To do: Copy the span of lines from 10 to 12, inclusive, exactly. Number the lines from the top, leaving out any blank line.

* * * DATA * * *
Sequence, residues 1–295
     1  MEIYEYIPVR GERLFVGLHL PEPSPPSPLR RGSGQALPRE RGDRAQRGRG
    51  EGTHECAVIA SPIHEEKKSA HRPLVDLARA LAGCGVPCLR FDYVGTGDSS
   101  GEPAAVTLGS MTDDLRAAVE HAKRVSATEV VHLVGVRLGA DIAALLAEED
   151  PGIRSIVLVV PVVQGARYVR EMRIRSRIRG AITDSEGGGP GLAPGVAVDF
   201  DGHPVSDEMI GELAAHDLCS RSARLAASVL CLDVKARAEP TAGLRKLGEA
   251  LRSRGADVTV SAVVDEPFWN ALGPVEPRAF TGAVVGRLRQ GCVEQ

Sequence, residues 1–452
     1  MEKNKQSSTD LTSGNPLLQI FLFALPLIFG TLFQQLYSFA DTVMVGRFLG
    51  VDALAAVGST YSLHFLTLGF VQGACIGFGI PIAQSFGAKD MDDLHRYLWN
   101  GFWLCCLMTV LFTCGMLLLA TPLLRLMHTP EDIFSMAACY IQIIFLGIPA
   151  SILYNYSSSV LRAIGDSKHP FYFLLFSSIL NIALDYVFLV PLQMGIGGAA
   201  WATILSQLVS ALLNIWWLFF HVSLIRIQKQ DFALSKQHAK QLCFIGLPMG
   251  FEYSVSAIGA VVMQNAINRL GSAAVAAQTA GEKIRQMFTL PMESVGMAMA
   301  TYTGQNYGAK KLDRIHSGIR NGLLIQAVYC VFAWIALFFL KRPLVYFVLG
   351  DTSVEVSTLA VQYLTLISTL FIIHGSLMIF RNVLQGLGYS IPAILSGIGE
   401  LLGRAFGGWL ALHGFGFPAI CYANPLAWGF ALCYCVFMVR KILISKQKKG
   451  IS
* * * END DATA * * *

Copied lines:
    51  VDALAAVGST YSLHFLTLGF VQGACIGFGI PIAQSFGAKD MDDLHRYLWN
   101  GFWLCCLMTV LFTCGMLLLA TPLLRLMHTP EDIFSMAACY IQIIFLGIPA
   151  SILYNYSSSV LRAIGDSKHP FYFLLFSSIL NIALDYVFLV PLQMGIGGAA